''The question we've had all week long," says Lia Halloran of the large "crystals" currently on display at Arlington's Artisphere, "[is] what are these made of?''
Indeed, the crystals baffle people -- in part because they appear to be too large. ''When you see them, it's stunning to imagine that they are actually made out of wood,'' says the artist, who worked with Sarah Strauss to make the replicas out of a lightweight wood composite using 3D modeling technologies.
The pair, who formed the new collaborative group Collider, were inspired by 500,000-year-old natural crystals discovered a decade ago in Mexico. ''The Cave of Crystals is underneath one of the largest silver mines in the world,'' says Halloran. ''[Before] they discovered it, our understanding of crystals was that some of the largest were only eight to ten feet long. [But in Mexico] the longest crystal is 37 feet long. The sense of scale is just so out of proportion with our perception, it creates this just unbelievable sense of discovery and awe.''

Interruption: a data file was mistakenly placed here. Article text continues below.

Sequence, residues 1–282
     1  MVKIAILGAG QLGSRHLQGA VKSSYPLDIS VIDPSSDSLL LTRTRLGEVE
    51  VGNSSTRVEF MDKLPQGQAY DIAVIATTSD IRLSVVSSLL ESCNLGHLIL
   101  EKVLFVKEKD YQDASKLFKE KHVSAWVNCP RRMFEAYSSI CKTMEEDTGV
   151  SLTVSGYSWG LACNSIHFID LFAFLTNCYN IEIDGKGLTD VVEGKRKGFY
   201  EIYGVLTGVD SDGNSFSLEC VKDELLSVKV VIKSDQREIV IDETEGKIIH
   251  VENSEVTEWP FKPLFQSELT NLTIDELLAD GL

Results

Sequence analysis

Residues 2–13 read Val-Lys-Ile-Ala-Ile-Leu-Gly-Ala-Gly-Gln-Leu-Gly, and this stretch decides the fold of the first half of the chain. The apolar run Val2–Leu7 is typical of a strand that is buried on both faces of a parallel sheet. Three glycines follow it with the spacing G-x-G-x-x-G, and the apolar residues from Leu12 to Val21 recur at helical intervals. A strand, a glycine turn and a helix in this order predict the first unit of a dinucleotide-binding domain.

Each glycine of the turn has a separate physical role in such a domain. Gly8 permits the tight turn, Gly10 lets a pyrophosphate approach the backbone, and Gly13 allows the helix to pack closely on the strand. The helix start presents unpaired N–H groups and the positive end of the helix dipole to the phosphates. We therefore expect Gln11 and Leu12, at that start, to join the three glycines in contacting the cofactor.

''Folding Unfolding: Collider" is the first time Halloran, a photographer, painter and fine-art professor in Los Angeles, and Strauss, head of an architecture firm in Brooklyn, have officially worked together since graduate school, where they bonded over the wonders of nature and science intersecting with art. Or as the two lesbians' mission statement puts it: ''Their work is a result of over a decade of conversations about science, energy, gravity, lesbians and skateboarding.''
''I taught Sarah how to skateboard when we were at Yale,'' says Halloran, whose photographic series ''Dark Skate," also at Artisphere, features photos she took while skateboarding in the dark.
And lesbians? ''We only let lesbians work on our stuff,'' laughs Halloran, adding about the Collider exhibit: ''It was all built by girls!''
"Folding Unfolding: Collider" is on display through Jan. 12 at Artisphere, 1101 Wilson Blvd., Arlington. Call 703-875-1100 or visit artisphere.com.